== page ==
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Executives weigh importance of brands in India
January 22 2013

Brands are playing an increasingly important role in India’s crowded hotel landscape, executives said during a panel discussion at the Hotel Investment Forum India.

Highlights
  • Branding brings with it a certain level of credibility in India’s emerging hotel sector, executives said.
  • Brand standards are important to promote consistency, although flexibility should be exercised to accommodate regional variations.
  • Choose a brand carefully, because hotel management agreements are incredibly difficult to break, said Canyon Equity’s Homi Vazifdar.
By Patrick Mayock
Editor-in-Chief
patrick@hotelnewsnow.com

GURGAON, Haryana—Brands are more important than ever as travelers seek clarity in India’s increasingly crowded hotel sector, according to a panel of executives during a breakout session at the 2013 Hotel Investment Forum India.

“Branding creates some kind of identity and distinguishes the product,” said Christopher Wong, VP of development for Four Seasons Hotels & Resorts.

Gopal Rao, regional GM of Southwest Asia for InterContinental Hotels Group, agreed. “It’s incredibly relevant in today’s time,” he said.

Nowhere is that truer than in India, where the proliferation of brands has accelerated dramatically in the country’s nascent hotel industry. Here, it’s not just a matter of identity but also one of credibility, said Homi Vazifdar, managing director of Canyon Equity LLC, which owns six luxury properties worldwide and is exploring opportunities in India.

“To call something a brand, you have to be able to define it and measure it in same way, shape or form. You have to be able to drive some consistency,” said Andrew Clough, senior VP of development for the Middle East and Asia/Pacific for Hilton Worldwide.

And likewise, the brand companies themselves have to be able to control it, he said.

Both credibility and control are rooted in brand standards, which promise travelers a consistent quality from one property to the next, the panelists agreed.

An inbound, global traveler should have confidence a hotel in Delhi will offer a similar—but not identical—experience to one of the same brand outside of the country, Rao said. While the brand DNA will always be the same, standards should be flexible enough to allow for variations based on local customs and cultures, he added.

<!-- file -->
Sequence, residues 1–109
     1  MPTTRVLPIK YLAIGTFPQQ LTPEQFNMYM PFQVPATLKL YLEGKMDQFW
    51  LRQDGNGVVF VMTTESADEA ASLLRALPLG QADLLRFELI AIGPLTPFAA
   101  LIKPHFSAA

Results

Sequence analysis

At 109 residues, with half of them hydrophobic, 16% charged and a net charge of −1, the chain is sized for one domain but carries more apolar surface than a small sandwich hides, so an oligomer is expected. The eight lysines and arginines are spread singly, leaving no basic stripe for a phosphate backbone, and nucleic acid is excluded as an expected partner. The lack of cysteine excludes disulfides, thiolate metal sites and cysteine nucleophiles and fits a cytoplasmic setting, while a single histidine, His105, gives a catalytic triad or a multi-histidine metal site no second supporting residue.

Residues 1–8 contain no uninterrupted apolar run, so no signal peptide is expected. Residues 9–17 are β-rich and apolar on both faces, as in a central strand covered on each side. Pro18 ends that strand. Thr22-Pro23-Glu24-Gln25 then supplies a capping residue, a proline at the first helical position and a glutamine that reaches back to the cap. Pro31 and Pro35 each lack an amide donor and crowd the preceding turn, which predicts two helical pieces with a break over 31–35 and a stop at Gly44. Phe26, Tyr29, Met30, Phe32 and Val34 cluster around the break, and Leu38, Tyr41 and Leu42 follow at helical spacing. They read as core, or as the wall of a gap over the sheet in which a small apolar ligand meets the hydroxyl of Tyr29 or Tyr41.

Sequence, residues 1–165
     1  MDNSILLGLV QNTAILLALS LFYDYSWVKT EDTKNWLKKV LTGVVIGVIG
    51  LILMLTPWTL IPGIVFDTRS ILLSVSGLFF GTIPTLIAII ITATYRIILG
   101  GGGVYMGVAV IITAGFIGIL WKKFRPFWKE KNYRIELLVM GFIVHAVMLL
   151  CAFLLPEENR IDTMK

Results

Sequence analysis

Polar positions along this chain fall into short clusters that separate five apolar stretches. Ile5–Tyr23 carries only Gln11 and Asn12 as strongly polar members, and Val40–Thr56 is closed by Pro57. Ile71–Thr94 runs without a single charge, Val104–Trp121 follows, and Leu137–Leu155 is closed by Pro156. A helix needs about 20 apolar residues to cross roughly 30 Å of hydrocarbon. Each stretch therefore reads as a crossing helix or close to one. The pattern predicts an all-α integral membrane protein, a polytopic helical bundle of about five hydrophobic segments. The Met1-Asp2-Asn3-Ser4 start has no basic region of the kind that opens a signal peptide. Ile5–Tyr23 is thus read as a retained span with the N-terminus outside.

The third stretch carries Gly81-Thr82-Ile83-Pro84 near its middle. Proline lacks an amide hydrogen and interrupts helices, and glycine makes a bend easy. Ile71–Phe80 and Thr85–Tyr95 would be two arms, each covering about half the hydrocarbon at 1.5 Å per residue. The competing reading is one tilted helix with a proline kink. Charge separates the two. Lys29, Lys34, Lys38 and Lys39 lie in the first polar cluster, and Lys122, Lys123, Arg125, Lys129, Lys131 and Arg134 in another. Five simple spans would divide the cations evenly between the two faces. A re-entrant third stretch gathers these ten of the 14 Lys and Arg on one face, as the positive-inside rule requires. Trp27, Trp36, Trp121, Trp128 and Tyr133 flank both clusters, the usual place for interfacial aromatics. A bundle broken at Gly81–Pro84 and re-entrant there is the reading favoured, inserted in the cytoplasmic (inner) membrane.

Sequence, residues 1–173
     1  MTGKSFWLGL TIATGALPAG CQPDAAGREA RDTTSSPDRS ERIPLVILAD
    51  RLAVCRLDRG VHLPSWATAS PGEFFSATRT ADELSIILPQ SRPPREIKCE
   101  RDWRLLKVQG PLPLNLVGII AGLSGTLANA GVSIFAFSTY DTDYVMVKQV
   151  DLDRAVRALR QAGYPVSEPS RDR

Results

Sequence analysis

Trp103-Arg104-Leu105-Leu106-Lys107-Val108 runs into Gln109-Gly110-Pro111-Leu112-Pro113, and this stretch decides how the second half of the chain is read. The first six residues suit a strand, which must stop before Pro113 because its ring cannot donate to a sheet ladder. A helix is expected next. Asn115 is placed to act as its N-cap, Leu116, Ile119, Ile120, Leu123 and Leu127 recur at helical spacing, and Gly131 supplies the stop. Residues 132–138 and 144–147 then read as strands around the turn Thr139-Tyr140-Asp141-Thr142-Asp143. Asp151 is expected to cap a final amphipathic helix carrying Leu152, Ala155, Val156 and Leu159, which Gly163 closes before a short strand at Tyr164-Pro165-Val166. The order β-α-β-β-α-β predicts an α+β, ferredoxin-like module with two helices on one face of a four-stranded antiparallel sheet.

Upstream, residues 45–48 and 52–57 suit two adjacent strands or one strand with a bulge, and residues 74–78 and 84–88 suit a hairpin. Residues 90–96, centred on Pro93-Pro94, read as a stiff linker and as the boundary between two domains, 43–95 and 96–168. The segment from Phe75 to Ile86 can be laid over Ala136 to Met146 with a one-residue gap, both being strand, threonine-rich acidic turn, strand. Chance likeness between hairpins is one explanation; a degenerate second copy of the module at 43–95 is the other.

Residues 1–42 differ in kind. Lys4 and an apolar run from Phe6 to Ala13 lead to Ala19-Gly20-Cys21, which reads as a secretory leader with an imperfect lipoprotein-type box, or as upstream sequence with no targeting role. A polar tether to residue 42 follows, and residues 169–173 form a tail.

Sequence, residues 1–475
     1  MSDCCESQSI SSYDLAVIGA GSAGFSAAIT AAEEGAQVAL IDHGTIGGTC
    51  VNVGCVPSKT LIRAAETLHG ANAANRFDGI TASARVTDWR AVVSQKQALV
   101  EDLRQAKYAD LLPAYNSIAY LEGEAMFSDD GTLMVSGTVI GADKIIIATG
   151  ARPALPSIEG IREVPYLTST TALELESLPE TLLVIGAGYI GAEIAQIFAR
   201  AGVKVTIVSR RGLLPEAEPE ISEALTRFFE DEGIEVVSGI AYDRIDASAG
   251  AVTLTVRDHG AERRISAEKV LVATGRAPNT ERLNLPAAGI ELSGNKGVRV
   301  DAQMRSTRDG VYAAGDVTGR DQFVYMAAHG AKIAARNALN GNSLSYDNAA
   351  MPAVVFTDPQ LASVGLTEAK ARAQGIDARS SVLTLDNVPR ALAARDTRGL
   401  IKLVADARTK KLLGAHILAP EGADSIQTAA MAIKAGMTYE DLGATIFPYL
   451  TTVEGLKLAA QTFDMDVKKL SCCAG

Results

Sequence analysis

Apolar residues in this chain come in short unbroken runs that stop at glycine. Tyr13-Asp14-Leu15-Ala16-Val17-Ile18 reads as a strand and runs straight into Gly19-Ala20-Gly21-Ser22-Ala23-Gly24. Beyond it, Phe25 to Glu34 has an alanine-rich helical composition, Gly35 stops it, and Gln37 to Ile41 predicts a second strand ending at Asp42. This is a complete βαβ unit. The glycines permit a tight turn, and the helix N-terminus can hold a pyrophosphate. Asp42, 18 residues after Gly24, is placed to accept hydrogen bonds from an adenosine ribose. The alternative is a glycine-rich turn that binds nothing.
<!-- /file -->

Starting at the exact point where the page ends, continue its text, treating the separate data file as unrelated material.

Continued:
“Cultural adaption is completely different than standards adaptation,” Vazifdar added.

Fast-food franchisor McDonald’s always offers the same core menu in addition to regional specialties, Rao offered as an example.

Hotel franchisees in India must adapt accordingly, offering more food-and-beverage outlets that specialize in traditional Indian cuisine, he said. But the core elements of the brand must always remain the same.

The global brand executives admitted they’re still refining those cultural variations as they establish their footing in India.

Rao offered that same explanation when asked if IHG might offer an India-specific brand as it did for China with Hualuxe Hotels and Resorts.

“We want to make sure we’re focused on establishing ourselves as a credible international brand that can not only delight customers but also operate good hotels and make money for owners,” he said. “We want to make sure we learn how to walk before we start running.”

Clough said Hilton is doing the same before investigating an India-specific brand.

Brands and the bottom line
Franchisors such as Canyon don’t care about the brand as much as they care about the bottom line.

“We live and die by (earnings before interest, taxes, depreciation and amortization),” Vazifdar said.

Certain brands do a better job of driving revenue to the bottom line than others, he added.

“We look at their brand standards and the manuals … you’ve got to have a manual to guide you by,” he said. “… If the brands bring it to the bottom line, then the management company is happy, the owner is happy, and we never bitch and moan about who is doing what to whom. It’s only when things go (bust) … that all that goes out the window.”

Rao advised attendees to carefully evaluate a brand’s offerings before signing a contract. The mindset of brand and owner needs to be aligned, he said.

“Entering into a brand agreement is no different than getting married. You have to go into it for the right reasons,” he said.

“It’s incredibly important you get it right,” Clough said, adding Hilton has had tremendous success satisfying its franchisees; 70% of the company’s 4,000 franchisees come from repeat customers.

But Vazifdar warned of rigid hotel management agreements that handcuff owners from taking action if the relationship turns sour.

“We as owners get real frustrated, we get pissed off at the brand and ultimately when all hell breaks loose we say, ‘Screw this. We’re prepared to fight this battle in court. Get the hell off our property.’ Saying it is one thing, but legally to get a brand off a property is excruciatingly difficult, especially in the ultra luxury situation,” he said.

“The management company will never come to the owner and say, ‘If you don’t like us, throw us out.’”

 

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